Go, Dog. Go! by P.D. Eastman

Reviewed by Zach S (Library Staff)

This psychological thriller by P. D. Eastman has held fascination for me for many years. The book transports you to an alternate world, a place without the problems and toil brought upon by Man’s hubris, a world without man at all! Instead we are taken to a land of sentient dog’s whose only concerns are leisure activities and head fashions. The book chronicles the endless struggles of the dogs as they attempt to navigate through their hat loving, human less society. The book offers the viewpoints of many different dogs and their various snazzy caps and fun loving hobbies but culminates the story in a twist neither I, nor the books original 1961 audience, nor the countless children who have since stumbled into this books gripping tale for almost sixty years, could have ever anticipated. An ending that lingers with it’s audience long after the final page has been read. It forever asks the eternal question, “shall we ever go where the dogs go?” I sure hope so.

Located in Easy Readers (ER 2 EASTMAN)

Blade Runner 2049 (2017)

Reviewed by Zach S (Library Staff)

With every franchise under the sun being rebooted, retooled, and remade, it was only a matter of time until someone realized the potential of a modern day continuation of Ridley Scott’s 1982 genre defining scfi noir, cult masterpiece, Blade Runner. What many expected was a popcorn adventure blockbuster with heavy effects and action, but what was received was a thought provoking character driven thriller. Director Denis Villeneuve knew how sacred the film he was making a sequel to was and continues to be and knew that he had to go far beyond the limits and rules of your average summer blockbuster and make a film that stands on its own, even when compared to its legendary predecessor. The movie presents a world steeped in grit and grime, full of an eerie sense of danger around each neon lit corner and alleyway with well rounded characters whose actions reflect the murky and dower future they inhabit. Far from what you expect but exactly what you deserve, Blade Runner 2049 is well worth your time.

Located in DVDs (DVD BLADE)

2 by Mac Demarco

Reviewed by Zach S (Library Staff)

2, the debut full length album from Canadian musician Mac Demarco, offers it’s listener a kind of music that is both refreshingly new yet fittingly retro throughout it’s 31 minutes and 27 second run time. It’s on this album that Demarco solidifies his now trademark style of carefree slacker rock. The album offers variety from track to track, starting with the lighthearted and easygoing “cooking up something good”, to the hauntingly calm and smooth “ode to Viceroy”, and finally ending with the enduring and surprisingly tender “still together.” 2 as an album is the personification of an old soul in a young body, capturing the spirit of the past whilst embracing the future.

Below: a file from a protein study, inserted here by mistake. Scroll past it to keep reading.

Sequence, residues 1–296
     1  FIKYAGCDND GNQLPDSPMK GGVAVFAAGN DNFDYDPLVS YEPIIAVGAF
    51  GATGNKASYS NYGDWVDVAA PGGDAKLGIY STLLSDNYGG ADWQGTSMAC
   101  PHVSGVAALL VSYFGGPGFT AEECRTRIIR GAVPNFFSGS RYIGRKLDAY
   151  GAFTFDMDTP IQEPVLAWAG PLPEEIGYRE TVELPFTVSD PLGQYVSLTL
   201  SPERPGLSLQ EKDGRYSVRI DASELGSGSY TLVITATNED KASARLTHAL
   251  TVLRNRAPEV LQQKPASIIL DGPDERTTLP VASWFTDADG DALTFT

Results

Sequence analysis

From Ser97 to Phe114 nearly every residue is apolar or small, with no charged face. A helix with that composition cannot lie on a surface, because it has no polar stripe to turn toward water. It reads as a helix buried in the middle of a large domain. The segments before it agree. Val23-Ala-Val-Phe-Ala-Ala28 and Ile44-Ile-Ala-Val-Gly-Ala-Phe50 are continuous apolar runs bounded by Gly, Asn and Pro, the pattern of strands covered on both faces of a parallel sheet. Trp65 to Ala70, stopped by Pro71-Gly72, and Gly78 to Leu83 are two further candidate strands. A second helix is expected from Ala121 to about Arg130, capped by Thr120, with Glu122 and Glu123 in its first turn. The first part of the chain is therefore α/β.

Currently unavailable in the system, but try other CDs by Mac Demarco including Salad Days, Another One, and This Old Dog.

My Friend Dahmer by Derf Backderf

Reviewed by Zach S (Library Staff)

The grisly and deplorable crimes of serial killer Jeffery Dahmer have equally repulsed and fascinated the general public for almost 30 years. But, it is in cartoonist John Bacderf’s autobiographical graphic novel “My Friend Dahmer”, that gives the most intimate deception of Dahmer and his tortured adolescent as well as the closest we may ever come to an explanation as to why his horrid crimes were committed. The novel chronicles the lives of a young Backderf (known as simply “Derf”) and his group of friends as they navigate through high school in the late 70’s. Their paths soon cross with the mysteriously quiet loner of the school, Jeff Dahmer, who’s odd outburst and strange demeanor captivate Derf and his friends. The book gives the perspective of the only group of people who could genuinely, for a time, have called Dahmer their friend, and that’s what makes it such an engaging read. Derf has compiled information from just about everyone who came in contact with Dahmer at this time to paint a well rounded factual depiction of what transpired over the course of their time in school together; it is as interesting as it is tragic. We’re not shown a monster, but a young man who struggled with demons of an unspeakable nature that occupied his every waking moment. Although the book does take a clear stance, no one was more responsible for the crimes of Jeffery Dahmer than Jeffery Dahmer. He and he alone made the choice to give into his demons. This book is the tail end of one boys desperate fight to retain his humanity. A fight that he wouldn’t, or ultimately couldn’t, win.